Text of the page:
MAVEN Observes Mars Moon Phobos in the Mid- and Far-Ultraviolet
In late November and early December 2015, the MAVEN mission made a series of close approaches to the Martian moon Phobos, collecting data from within 186 miles (300 kilometers) of the moon.
Among the data returned were spectral images of Phobos in the ultraviolet. The images will allow MAVEN scientists to better assess the composition of this enigmatic object, whose origin is unknown.
MAVEN’s Phobos observations were made possible because of the special nature of the spacecraft’s orbit, which crosses a large range of altitudes, including those at which Phobos orbits Mars. Periodically, close approaches between the spacecraft and moon occur, representing an opportunity to gather data from close range. Getting so close might seem risky, but there is no real chance of a Phobos impact. Mission planners monitor MAVEN’s orbit carefully, and would execute spacecraft maneuvers if MAVEN came too close to the moon.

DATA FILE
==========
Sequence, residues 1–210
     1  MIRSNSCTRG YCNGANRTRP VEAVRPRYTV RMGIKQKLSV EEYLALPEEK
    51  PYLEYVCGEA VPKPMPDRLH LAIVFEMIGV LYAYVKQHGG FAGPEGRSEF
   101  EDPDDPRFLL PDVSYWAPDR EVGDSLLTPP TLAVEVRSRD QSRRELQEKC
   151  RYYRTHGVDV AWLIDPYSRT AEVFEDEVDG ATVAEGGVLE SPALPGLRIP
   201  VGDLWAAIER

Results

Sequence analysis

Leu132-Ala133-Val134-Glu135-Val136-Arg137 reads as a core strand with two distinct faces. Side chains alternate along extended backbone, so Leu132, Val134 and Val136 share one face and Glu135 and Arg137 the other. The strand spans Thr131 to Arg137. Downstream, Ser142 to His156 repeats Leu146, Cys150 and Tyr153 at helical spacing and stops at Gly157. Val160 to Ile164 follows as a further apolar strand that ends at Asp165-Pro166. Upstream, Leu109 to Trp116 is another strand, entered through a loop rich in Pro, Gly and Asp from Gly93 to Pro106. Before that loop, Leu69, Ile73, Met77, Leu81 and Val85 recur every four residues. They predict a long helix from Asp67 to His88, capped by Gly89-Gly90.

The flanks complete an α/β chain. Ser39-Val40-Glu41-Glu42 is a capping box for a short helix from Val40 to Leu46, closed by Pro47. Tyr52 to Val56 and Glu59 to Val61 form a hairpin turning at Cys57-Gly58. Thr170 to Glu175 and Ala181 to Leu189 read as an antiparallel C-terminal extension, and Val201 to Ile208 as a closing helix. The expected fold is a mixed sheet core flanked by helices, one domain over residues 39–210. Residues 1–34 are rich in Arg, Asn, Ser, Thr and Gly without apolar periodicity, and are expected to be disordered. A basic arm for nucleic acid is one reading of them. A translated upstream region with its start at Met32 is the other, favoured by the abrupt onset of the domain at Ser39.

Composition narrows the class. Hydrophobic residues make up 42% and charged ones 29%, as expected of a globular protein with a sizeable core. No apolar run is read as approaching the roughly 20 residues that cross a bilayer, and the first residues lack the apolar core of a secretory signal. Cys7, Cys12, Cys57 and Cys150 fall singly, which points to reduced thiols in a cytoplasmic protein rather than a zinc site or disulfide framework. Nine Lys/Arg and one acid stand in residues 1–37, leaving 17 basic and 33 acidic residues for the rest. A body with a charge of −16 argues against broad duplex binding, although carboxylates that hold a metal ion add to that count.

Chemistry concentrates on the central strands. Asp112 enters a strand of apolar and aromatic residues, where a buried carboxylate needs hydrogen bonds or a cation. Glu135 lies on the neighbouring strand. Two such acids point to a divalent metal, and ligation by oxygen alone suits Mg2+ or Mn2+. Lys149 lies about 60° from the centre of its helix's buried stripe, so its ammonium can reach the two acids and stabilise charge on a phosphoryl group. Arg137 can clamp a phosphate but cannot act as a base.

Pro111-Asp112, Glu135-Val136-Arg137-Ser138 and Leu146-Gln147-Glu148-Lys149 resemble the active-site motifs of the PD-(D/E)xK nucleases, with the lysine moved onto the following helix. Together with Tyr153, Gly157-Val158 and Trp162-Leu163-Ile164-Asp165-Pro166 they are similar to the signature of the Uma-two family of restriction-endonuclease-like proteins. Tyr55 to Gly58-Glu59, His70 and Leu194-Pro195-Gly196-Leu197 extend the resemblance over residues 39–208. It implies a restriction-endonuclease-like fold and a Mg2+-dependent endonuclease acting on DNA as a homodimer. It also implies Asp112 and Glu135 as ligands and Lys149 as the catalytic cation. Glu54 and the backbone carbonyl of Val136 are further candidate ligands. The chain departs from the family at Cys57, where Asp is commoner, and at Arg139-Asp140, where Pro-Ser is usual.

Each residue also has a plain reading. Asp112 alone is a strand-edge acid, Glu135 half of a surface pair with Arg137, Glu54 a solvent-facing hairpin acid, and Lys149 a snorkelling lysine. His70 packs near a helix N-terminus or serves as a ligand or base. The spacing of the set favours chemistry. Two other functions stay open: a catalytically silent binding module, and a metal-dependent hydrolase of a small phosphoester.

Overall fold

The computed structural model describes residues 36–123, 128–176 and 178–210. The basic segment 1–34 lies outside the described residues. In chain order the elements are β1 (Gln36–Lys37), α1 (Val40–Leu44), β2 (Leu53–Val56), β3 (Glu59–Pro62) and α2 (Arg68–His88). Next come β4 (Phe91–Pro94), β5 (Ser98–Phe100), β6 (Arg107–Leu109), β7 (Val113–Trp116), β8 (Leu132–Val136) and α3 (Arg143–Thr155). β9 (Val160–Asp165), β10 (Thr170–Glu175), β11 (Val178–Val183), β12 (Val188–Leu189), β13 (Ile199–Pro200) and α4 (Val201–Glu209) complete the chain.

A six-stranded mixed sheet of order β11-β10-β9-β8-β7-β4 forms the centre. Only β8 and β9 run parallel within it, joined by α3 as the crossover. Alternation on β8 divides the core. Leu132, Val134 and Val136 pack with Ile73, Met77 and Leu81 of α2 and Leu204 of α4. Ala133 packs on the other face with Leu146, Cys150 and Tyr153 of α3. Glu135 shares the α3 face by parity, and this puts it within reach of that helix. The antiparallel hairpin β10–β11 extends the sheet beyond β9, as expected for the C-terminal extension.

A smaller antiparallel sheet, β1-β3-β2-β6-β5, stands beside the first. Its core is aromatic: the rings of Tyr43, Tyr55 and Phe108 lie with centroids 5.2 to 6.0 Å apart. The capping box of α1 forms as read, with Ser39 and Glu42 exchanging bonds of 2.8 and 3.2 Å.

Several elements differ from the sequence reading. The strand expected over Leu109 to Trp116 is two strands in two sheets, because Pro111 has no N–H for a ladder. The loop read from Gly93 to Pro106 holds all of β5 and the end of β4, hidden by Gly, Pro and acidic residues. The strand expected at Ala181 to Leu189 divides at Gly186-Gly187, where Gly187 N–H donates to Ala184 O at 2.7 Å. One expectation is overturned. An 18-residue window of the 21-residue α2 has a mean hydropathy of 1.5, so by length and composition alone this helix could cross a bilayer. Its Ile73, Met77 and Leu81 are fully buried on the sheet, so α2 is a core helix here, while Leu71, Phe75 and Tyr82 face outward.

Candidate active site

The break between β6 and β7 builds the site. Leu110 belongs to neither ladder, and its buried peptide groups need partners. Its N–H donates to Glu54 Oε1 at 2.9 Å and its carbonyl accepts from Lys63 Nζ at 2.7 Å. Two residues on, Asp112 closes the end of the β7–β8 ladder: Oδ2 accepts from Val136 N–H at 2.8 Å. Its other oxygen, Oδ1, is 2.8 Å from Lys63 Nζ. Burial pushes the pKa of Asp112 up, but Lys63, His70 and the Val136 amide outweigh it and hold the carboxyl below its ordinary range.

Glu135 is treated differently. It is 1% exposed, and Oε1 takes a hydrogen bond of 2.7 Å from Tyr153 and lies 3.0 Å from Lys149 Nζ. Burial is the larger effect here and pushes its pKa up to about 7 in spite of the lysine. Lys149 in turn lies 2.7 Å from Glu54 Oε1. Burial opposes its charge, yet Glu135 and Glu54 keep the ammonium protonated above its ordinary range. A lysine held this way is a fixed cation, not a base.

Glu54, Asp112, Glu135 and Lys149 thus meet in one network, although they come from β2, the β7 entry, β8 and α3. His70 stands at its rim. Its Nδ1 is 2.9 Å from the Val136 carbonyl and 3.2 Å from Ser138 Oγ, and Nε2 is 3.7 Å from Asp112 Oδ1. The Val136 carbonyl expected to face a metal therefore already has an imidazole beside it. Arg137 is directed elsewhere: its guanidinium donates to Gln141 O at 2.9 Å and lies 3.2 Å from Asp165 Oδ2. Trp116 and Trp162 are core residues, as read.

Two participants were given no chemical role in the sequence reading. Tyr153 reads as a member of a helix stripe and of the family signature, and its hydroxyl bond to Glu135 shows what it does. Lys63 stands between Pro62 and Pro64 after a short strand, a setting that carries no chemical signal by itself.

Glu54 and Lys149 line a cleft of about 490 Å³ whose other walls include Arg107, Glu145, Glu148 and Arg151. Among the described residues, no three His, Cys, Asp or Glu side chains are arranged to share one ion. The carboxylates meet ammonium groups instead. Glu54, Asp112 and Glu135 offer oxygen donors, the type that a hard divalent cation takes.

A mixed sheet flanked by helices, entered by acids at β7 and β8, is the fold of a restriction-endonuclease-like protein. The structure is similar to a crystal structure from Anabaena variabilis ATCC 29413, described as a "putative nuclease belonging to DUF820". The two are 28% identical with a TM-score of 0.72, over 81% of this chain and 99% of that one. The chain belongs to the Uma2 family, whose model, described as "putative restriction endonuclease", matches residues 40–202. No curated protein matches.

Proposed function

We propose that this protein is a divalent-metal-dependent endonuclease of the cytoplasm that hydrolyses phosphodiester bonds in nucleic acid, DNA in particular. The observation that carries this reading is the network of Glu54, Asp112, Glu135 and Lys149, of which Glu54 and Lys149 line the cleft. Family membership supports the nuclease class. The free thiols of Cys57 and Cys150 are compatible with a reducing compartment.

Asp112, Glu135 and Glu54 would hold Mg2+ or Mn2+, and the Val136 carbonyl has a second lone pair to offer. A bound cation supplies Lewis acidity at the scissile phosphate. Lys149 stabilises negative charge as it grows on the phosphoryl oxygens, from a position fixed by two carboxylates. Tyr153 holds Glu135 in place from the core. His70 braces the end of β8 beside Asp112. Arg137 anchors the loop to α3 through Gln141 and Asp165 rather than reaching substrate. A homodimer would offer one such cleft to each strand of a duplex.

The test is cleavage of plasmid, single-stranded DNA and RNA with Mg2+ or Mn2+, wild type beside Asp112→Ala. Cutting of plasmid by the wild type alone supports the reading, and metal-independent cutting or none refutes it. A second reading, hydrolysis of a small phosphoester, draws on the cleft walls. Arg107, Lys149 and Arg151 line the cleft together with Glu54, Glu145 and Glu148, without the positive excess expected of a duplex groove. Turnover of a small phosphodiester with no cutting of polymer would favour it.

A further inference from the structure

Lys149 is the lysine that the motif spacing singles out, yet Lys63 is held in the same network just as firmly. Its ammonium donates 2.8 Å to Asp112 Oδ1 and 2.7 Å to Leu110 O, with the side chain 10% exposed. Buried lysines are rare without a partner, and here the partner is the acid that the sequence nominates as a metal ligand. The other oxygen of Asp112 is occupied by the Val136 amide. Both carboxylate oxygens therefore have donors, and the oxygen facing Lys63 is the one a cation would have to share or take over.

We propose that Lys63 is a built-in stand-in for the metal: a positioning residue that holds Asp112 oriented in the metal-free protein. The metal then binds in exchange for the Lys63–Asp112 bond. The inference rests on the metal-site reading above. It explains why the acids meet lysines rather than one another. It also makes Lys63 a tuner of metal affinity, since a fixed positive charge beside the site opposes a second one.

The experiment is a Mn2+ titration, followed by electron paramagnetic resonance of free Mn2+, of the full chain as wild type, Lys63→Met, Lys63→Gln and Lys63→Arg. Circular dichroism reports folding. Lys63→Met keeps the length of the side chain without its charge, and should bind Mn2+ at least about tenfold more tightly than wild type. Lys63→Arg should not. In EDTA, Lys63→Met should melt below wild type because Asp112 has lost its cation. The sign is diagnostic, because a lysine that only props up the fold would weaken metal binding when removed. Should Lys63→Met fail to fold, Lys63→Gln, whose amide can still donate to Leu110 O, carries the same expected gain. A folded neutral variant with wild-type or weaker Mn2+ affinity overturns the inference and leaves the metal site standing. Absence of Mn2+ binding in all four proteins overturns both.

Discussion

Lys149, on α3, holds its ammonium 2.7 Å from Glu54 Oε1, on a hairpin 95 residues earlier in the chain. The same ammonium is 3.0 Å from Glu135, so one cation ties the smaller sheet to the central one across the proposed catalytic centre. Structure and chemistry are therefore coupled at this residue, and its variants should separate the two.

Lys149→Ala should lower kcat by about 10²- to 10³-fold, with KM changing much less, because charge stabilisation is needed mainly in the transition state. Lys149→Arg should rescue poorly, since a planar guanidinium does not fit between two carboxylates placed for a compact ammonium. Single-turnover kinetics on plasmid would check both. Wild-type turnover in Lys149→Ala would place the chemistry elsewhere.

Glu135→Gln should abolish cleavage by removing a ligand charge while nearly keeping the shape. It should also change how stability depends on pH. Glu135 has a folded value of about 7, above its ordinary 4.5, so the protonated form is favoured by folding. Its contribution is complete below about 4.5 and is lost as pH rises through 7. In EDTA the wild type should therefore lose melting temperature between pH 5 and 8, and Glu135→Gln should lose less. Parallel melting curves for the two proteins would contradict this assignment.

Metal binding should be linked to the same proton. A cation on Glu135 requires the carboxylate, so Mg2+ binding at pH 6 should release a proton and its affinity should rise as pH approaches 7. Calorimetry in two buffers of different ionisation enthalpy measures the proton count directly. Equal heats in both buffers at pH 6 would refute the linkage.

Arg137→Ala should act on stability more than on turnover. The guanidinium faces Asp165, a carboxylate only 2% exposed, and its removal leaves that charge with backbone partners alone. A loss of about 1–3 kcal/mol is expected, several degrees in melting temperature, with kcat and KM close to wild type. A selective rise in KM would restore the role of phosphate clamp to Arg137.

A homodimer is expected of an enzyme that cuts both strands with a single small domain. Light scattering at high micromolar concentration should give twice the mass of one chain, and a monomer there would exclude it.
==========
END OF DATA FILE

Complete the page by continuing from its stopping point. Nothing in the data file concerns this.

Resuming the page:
Comparing MAVEN’s images and spectra of the surface of Phobos to similar data from asteroids and meteorites will help planetary scientists understand the moon’s origin—whether it is a captured asteroid or was formed in orbit around Mars. The MAVEN data, when fully analyzed, will also help scientists look for organic molecules on the surface. Evidence for such molecules has been reported by previous measurements from the ultraviolet spectrograph on the Mars Express spacecraft.
MAVEN’s principal investigator is based at the University of Colorado’s Laboratory for Atmospheric and Space Physics, and NASA’s Goddard Space Flight Center in Greenbelt, Maryland, manages the MAVEN project. Partner institutions include Lockheed Martin, the University of California at Berkeley, and NASA’s Jet Propulsion Laboratory.
The original NASA feature can be located here: http://www.nasa.gov/feature/goddard/2016/maven-observes-phobos-in-ultraviolet«Return to the Features, News, & Events page